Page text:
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Legalizing the Rhino Horn Trade: A Terrible Idea? Pt. 1

June 7, 2015

Two weeks ago, I came cross a provocative piece  (paywall, free version here) Foreign Affairs published earlier this year by Alexander Kasterine from the UN/WTO International Trade Center on legalizing the trade in wildlife, namely for rhino horn, but conceivably for other species that are currently illegal to trade under the Convention on the International Trades in Endangered Species (CITES). Indeed, South Africa, host to the 2016 CITES meeting and home of the majority of the world’s remaining rhinos, is angling to legalize the trade in rhino horn in the face of an unprecedented onslaught of poaching that the current is facing. Is legalization of the trade in these species a good idea? In the first of several posts, I’m going to begin to analyze this question. My initial take on this question is that legalizing the trade is not a good idea, but I’m using these posts to try to work through the arguments for and against the idea, beginning with rhinos but then I’ll assess some other species.

Kasterine’s main argument is that the ban is failing Africa’s wildlife:

He writes:

Just as taxes on cigarettes fund education and health programs in the United States, similar levies would also provide ample funds for campaigns to combat poaching and reduce demand. Meanwhile, regular de-horning of the animals would increase the global horn supply, lowering prices and the attraction of poaching. Rhinos produce nearly one kilogram of horn each year, which can easily be harvested through a simple veterinary procedure. Farming the animals ethically, moreover, would allow consumers to demand horn products from sustainably managed sources.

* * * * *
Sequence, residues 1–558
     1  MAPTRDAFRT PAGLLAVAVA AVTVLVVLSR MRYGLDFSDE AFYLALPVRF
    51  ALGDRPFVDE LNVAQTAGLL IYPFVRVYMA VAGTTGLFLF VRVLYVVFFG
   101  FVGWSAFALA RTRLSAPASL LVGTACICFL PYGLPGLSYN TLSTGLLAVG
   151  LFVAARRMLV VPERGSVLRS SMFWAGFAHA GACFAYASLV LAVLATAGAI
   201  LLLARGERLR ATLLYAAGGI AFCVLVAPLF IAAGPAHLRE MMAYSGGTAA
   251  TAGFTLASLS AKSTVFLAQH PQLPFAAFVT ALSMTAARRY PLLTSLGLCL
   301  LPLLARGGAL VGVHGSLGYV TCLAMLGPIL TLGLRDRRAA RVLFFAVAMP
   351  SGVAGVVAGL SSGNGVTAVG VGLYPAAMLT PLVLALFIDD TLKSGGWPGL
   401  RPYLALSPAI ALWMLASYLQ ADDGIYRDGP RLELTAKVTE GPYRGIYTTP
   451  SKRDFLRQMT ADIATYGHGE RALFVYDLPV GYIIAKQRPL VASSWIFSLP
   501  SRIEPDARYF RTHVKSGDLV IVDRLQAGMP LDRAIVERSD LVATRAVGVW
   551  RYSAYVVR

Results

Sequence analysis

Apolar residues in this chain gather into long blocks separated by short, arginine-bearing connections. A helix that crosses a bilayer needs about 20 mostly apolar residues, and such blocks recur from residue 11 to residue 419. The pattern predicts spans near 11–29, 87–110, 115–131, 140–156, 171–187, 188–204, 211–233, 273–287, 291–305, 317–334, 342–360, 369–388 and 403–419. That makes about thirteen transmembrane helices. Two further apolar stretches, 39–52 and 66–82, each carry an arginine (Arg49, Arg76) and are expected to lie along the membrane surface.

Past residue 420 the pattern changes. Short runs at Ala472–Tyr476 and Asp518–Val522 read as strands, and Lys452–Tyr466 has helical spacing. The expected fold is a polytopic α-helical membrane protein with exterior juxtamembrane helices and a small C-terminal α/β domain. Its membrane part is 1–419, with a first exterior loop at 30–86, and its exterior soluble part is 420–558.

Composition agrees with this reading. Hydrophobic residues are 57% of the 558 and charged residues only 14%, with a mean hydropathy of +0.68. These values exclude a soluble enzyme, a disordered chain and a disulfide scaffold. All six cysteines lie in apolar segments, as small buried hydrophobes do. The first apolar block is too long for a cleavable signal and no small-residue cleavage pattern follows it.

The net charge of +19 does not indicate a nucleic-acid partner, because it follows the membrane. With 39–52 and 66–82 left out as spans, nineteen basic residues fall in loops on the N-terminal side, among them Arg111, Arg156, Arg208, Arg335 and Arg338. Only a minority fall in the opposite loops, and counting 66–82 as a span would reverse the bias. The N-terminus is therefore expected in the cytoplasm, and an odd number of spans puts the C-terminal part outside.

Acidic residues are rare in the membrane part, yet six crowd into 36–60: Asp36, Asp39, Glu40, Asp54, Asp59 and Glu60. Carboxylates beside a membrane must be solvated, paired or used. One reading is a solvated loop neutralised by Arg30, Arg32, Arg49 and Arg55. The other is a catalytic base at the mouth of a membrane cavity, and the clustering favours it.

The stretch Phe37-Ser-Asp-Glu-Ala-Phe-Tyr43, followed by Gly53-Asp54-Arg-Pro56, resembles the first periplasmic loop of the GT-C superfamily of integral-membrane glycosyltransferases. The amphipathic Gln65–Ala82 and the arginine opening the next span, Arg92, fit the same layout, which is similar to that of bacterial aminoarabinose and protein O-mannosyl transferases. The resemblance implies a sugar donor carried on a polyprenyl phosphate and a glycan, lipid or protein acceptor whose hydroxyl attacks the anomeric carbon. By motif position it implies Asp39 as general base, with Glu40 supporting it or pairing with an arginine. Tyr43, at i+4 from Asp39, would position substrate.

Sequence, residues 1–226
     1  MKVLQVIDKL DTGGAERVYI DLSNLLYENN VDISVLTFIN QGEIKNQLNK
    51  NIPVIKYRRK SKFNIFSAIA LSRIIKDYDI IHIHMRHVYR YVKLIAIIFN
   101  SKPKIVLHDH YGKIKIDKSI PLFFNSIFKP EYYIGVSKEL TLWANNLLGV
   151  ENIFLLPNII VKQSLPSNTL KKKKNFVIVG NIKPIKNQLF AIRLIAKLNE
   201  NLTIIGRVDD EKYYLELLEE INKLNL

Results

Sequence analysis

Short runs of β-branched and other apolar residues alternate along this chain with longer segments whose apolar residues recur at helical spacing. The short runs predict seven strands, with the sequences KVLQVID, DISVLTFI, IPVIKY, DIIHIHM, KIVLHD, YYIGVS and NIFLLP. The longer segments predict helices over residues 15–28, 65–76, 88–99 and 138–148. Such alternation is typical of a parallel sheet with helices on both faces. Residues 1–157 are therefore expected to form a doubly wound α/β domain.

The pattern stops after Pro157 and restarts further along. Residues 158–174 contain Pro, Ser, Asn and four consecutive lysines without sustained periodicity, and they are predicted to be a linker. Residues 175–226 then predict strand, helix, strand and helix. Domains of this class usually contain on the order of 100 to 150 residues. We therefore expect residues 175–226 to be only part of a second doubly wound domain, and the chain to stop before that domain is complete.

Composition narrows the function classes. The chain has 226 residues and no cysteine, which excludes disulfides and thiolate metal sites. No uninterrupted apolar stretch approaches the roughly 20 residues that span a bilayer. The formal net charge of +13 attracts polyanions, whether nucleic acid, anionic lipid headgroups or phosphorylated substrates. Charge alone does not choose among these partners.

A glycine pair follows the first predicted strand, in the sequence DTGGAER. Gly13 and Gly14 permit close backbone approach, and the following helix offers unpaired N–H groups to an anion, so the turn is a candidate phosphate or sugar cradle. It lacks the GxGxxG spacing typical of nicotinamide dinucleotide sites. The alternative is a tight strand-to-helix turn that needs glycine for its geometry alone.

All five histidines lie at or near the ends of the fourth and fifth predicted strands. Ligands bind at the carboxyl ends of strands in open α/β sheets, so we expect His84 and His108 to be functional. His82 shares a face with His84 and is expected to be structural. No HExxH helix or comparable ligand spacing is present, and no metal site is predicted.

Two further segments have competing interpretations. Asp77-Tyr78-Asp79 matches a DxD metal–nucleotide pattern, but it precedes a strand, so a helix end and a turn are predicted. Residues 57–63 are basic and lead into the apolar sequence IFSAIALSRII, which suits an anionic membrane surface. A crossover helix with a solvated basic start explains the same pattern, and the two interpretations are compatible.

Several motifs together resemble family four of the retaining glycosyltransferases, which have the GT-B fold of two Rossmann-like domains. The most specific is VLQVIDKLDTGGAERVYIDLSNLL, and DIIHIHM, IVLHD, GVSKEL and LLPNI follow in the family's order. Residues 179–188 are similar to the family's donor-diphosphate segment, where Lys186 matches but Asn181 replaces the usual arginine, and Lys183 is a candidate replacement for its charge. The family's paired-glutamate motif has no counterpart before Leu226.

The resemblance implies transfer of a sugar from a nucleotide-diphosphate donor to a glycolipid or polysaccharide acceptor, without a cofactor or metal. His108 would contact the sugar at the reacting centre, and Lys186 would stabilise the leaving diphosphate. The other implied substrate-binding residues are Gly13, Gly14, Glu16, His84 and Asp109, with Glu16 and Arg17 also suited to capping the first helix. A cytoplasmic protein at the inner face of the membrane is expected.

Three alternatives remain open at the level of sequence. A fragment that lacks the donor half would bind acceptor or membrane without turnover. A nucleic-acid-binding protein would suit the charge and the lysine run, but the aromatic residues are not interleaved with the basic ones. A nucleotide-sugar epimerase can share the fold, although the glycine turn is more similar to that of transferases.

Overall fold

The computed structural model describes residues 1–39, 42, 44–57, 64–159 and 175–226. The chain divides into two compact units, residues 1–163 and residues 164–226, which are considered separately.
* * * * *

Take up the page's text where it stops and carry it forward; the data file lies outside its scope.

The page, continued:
He likens the trade in wildlife to the drug trade:

But policymakers should heed the lessons of the drug wars. Bans fail because borders remain porous and officials corrupt. There is no wall high enough to counteract enormous financial rewards for breaking the rules to feed a voracious market.

Rhino horn grows back and thus one could conceivably have a renewable resource of rhino horn (though at current prices, rhino horn is so valuable that poachers will hack every last bit out of an animals’ face).  While the piece focuses on rhino horn, I believe the implication and intent is to object to wildlife trading bans in general. 

I had a Twitter exchange with Kasterine about the idea that I’ve put in to Storify and embedded below. Given recent experience with one-off ivory sales, I’m very skeptical of this idea but am aware that there are certain parallels with the drug trade for which prohibition has not worked well at all.  

As I said, I’m skeptical that a regulated trade will work in this space. In my next post, I’ll summarize the main arguments against the idea.

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Joshua Busby is an Associate Professor in the LBJ School of Public Affairs at the University of Texas-Austin. He is the author of Moral Movements and Foreign Policy (Cambridge, 2010) and the co-author, with Ethan Kapstein, of AIDS Drugs for All: Social Movements and Market Transformations (Cambridge, 2013). His main research interests include transnational advocacy and social movements, international security and climate change, global public health and HIV/ AIDS, energy and environmental policy, and U.S. foreign policy. He also tends to blog about global wildlife conservation.